At the Google For India 2018 conference in New Delhi yesterday Google launched its AI platform Navlekha, which enables publishers to make offline Indian language content fully editable and streamlines the online publishing process.
Navlekha uses machine learning technology to convert Indian language PDFs and scanned files into editable text to help publishers share content online. “Navlekha” derives from the Sanskrit for “a new way to write.”
India is home to the second-largest population of Internet users in the world, and adds 40 million each year. But many Indian publishers lack the technologies and channels to publish their content on the Internet. Google estimates that 90 percent of Indian publishers don’t have a content distribution website, and that the amount of Indian-language content now on the Internet is but one percent of the English-language total.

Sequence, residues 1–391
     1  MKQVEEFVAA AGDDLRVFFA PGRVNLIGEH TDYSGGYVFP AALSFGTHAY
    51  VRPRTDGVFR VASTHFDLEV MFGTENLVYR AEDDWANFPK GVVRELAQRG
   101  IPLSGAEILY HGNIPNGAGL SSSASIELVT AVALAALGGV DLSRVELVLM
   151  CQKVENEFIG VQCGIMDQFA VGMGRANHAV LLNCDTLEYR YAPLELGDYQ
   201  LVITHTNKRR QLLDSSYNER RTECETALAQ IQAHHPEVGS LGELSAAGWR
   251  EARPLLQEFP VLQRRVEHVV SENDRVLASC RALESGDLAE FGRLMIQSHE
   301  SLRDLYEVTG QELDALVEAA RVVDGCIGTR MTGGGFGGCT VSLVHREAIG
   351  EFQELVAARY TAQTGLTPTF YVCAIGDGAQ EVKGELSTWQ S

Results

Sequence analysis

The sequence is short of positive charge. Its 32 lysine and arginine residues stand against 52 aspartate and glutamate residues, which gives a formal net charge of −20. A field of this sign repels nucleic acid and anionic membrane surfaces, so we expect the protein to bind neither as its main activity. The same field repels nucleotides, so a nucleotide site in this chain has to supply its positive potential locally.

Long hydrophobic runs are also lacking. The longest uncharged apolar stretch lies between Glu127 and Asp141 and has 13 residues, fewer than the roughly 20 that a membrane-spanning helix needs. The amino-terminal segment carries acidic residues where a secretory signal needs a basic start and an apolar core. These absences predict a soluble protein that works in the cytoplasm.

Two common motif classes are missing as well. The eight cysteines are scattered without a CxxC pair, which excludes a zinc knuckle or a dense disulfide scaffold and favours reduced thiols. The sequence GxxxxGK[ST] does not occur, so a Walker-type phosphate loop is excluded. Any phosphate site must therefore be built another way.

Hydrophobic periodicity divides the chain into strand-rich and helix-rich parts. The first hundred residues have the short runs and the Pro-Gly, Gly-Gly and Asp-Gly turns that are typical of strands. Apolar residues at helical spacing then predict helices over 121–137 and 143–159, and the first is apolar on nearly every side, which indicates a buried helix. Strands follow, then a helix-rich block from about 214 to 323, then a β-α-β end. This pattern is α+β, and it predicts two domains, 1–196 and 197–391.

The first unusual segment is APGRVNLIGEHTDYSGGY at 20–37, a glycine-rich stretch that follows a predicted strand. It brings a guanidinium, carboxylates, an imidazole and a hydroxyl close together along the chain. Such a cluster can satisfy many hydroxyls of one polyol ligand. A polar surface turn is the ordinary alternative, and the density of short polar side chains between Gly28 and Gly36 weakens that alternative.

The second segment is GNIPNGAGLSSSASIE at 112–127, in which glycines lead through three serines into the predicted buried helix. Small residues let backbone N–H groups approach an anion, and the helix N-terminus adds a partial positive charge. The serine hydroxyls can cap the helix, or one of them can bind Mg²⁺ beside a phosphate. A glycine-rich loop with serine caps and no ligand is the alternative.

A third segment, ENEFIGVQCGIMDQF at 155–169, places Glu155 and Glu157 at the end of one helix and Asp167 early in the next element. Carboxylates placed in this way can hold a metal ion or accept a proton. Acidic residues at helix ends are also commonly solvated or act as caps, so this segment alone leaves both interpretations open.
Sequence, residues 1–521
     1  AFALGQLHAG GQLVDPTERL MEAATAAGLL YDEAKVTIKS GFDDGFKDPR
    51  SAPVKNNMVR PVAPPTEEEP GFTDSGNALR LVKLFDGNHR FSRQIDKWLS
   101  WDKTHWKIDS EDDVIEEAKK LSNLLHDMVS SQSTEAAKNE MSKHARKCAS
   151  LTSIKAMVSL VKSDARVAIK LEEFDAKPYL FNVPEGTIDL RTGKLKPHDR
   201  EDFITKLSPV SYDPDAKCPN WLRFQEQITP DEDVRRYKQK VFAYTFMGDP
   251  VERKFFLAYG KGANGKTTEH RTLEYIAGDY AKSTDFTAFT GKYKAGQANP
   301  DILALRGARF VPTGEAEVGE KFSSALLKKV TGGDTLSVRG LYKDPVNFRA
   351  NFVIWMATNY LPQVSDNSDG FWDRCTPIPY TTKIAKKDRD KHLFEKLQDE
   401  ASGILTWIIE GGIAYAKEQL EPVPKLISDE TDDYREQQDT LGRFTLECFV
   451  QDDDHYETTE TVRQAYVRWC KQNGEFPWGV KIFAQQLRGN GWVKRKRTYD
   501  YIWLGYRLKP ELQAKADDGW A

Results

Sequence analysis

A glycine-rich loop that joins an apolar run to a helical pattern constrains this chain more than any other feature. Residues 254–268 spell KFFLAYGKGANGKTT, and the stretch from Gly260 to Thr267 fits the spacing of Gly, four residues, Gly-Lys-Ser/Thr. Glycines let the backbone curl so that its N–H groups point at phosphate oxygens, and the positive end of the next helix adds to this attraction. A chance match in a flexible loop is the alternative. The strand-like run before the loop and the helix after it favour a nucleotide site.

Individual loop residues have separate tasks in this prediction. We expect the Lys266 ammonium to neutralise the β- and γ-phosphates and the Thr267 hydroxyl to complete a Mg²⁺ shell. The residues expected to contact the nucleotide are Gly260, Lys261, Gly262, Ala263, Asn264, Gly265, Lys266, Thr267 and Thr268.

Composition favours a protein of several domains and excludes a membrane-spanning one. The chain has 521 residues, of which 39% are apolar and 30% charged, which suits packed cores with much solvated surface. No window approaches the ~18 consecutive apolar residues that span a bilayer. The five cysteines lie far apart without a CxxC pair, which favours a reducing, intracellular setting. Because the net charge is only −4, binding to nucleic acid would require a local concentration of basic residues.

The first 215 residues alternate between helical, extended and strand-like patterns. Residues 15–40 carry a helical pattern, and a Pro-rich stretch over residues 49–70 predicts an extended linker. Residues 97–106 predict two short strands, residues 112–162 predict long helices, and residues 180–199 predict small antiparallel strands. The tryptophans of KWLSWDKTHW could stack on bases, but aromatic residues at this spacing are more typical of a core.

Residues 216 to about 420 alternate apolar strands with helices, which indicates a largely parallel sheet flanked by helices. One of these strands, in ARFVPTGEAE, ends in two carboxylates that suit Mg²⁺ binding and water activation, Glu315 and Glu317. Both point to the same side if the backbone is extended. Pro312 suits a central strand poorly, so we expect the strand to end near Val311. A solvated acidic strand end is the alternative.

Google also announced a new spoken website feature in Google Go that uses NLP and speech synthesis to allow users to “listen to websites,” even on 2G connections. The feature supports 28 languages, including Hindi, Bengali, Malayalam, Marathi and Tamil. Google has also integrated Hindi-friendly functions into flagship products Google Search and Google Go, and users in India can now customize their Google Search results to include both English and Hindi sources.
Google clearly sees the huge potential for development of local language content and services on the subcontinent, and plans to use machine learning to tap into this expanding market.
Author: Alex Chen | Editor: Michael Sarazen